Physical Diseases v Diseases of the Heart
Today, I received a phone call. Someone is ill. We discuss the symptoms. Phone calls are frantically exchanged between families and friends, with everyone giving their own diagnosis and medical opinion. Which doctor should we go to? What about alternative medication? Will medical insurance cover the costs? We pace back and forth while waiting for the biopsy results. Is the patient getting better or worse? Is it chronic? Is it terminal?
Our main concern is whether there will be a cure for the illness, its side effects, and all other medical technicalities. The focus is healing and the preservation of life.
Let us pause and ask ourselves – do we ever think about death and the journey after death? All the physical illnesses, and all the accompanying symptoms, in perspective, are just a dot in the timeline of our eternal existence. These occupy a short space of time compared to the journey of the soul after death, stretching beyond hundreds of millions of years, whether that journey ends in paradise or hellfire.
The early scholars said that all the illnesses of the body have one cure, which is death. After death, the physical symptoms of the disease cease. However, and this is the crucial point – for diseases of the heart, the pain only starts after death, and will persist for a long time, and for some, even for eternity.
What are these? These are not medical conditions, but diseases that we allow to fester in our spiritual hearts. Among them are kufr (disbelief), shirk (association with Allah), kibr (arrogance) stinginess, jealousy, lack of contentment, greed and lack of gratitude to Allah.
A study of Islam will reveal that every disease of the heart corresponds with minor or major sins, zulm (oppression) or even disbelief. Scholars suggest that according to the type and amount of disease in the heart, Allah will either cleanse us with physical diseases during our lifetimes, or torture us in the moment of death, or torture us in the grave for a duration determined by Him – maybe thousands of years. If these are not sufficient, torture on the Day of Judgment and torture in Hellfire will follow. If the disease is severe and deeply rooted such as kufr, shirk and kibr, it is likely that an eternity of torment is not enough.
What has this to do with hajj?
You are now thinking: “What does this have to do with hajj?”
This is exactly the point. Today, people neglect the status of their hearts. We spare no expense on medical care for ourselves and our loved ones. Yet, we appear oblivious that the diseases of the heart are far more damaging and long lasting, and this lack of awareness makes us unwilling to invest or even seek help for the cure.
We are meticulous about fitness, nutrition and calories, we care about our looks and shapes, yet we neglect to give the same amount of care for our journey after death.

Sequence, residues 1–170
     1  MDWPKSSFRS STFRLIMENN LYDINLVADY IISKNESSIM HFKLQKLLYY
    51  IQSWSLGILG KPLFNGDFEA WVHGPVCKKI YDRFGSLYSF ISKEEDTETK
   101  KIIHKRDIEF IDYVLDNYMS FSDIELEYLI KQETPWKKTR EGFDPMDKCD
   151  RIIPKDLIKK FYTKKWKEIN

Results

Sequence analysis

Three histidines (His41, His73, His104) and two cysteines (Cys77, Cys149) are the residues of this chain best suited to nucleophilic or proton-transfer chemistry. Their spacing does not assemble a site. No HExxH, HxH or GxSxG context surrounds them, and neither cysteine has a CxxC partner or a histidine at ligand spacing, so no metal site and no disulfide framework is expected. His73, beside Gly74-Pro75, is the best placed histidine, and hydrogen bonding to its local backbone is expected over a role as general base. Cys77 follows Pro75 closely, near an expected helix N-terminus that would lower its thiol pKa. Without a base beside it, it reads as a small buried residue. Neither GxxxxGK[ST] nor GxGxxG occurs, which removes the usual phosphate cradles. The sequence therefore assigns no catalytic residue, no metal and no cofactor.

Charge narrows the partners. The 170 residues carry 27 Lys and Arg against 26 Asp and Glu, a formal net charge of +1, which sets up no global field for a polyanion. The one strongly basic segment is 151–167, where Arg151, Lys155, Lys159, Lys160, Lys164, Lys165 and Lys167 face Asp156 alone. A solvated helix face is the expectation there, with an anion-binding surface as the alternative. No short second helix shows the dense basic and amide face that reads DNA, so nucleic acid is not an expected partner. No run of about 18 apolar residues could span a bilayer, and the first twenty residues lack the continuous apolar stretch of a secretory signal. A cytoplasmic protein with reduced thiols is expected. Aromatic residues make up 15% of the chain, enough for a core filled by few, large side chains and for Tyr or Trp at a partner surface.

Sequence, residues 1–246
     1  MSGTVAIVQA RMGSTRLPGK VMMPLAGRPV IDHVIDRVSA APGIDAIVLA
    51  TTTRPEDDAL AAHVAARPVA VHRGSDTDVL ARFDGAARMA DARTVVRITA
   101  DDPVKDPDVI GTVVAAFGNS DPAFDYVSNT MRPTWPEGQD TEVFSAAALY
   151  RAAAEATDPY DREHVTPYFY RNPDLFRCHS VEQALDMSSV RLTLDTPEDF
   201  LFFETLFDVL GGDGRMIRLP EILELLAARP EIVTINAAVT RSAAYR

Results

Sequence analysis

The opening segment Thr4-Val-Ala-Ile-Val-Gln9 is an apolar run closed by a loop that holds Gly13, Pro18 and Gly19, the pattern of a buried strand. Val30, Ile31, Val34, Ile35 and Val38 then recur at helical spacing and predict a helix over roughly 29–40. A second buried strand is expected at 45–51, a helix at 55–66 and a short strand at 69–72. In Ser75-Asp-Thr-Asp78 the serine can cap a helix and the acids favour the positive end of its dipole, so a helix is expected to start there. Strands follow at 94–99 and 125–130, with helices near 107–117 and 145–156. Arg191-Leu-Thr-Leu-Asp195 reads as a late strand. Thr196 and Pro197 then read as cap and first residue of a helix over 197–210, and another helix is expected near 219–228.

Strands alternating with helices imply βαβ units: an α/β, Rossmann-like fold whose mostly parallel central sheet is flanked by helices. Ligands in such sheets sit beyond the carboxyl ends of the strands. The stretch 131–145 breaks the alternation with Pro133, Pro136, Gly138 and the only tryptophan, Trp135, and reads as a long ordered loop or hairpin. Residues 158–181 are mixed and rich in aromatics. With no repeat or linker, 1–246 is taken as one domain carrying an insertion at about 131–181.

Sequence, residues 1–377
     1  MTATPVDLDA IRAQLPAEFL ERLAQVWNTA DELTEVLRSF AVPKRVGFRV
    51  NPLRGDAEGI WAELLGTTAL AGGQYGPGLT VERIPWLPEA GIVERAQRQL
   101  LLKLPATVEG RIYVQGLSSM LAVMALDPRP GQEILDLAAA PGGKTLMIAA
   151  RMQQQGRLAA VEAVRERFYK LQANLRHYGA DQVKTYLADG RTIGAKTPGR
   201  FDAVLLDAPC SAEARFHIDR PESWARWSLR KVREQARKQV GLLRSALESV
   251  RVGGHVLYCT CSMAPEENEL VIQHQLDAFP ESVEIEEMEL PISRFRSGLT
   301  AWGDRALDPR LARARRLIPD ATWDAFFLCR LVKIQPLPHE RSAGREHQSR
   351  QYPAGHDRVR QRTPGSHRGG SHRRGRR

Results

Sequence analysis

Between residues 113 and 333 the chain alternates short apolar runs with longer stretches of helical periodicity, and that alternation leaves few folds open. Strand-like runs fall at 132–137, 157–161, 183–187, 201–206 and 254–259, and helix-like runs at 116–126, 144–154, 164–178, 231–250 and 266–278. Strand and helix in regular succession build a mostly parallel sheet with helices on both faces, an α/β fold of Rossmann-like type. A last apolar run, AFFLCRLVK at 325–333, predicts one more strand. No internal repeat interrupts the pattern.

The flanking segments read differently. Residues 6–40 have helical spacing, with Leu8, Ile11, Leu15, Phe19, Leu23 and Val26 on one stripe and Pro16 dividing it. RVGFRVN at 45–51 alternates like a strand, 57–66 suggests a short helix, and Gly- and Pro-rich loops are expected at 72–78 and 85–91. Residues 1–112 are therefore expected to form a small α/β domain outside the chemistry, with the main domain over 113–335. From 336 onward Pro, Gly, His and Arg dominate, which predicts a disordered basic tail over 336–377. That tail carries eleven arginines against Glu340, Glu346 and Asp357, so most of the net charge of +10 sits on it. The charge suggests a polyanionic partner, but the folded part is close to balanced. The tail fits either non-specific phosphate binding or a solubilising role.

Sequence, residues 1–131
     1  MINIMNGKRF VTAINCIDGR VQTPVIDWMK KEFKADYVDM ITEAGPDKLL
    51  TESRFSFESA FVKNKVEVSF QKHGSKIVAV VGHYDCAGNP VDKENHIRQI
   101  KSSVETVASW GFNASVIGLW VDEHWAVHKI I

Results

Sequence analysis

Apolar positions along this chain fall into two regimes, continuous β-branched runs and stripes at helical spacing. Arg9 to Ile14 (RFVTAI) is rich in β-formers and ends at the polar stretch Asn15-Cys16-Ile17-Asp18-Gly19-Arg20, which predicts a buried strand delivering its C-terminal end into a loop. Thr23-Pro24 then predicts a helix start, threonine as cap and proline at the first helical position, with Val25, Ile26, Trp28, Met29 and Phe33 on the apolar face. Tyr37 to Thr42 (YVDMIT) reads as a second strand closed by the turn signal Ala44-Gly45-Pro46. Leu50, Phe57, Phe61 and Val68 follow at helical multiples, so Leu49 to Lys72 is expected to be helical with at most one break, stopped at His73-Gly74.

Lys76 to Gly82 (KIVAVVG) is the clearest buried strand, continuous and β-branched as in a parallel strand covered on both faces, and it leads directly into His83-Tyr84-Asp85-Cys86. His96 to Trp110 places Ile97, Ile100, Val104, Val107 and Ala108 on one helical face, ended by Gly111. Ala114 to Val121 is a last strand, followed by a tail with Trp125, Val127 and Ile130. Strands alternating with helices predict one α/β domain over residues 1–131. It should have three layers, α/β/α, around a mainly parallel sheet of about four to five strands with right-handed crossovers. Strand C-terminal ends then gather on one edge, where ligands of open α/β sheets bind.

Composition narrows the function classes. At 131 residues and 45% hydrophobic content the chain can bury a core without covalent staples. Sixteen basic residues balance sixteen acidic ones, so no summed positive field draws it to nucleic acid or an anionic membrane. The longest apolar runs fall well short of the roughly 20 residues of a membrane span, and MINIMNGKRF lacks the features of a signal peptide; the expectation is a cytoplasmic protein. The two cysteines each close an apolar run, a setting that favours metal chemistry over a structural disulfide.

You are still wondering: “We are supposed to talk about hajj!”
When someone returns from hajj, everyone asks the same questions. How was the weather? How was the hotel? Was it crowded? How was the food? Everyone was concerned about the outer issues. When I ask others about their hajj experience, the answers vary. Many talk about the physical arrangements. They can describe the hotel room and the shopping malls, but go blank when asked about how their hearts felt after the experience.
The hotel, weather and food do not matter once the journey is over. Our worry should be whether Allah granted us an accepted hajj (hajj mabrur).
The signs of an accepted hajj are not making it home safely, laden with bags of shopping and zam-zam water. It is said that if a person has been granted hajj mabrur, his priority thereafter would lean towards akhirah. He will come home with beautiful, humble manner mixed with remembrance of Allah. He will display a high amount of generosity and perform an abundance of good deeds. He will try to accumulate the most good deeds possible in order to preserve his purified status. He hopes to remain clean of sins until he dies, so that he can meet Allah with his scales of good deeds heavy and his scales of bad deeds light. This is what hajj is all about.
The journey of hajj is a journey of seeking purification and forgiveness from Allah. We embark on this journey to meet our Lord and to be cleansed from sins to the maximum extent possible. Hajj is a reminder to leave the material life: family, job, house, children, to ready us for the final destination after our death.
Allah gave us the hajj to prepare us for our meeting with Him. During this time, we uproot ourselves from dunia in order to prepare for our journey towards akhirah. It is a transformation from the accumulation of material life towards the accumulation of good deeds, of bad manners to good manners, and towards the reformation of our internal habits.
Our status in akhirah does not depend on the titles or lineage we carry on earth. Our fame in the Kingdom of Allah is earned through our good manners, generosity, and patience in the promise of Allah. Hajj is the booster granted by Allah in order to help us find our way back to Paradise.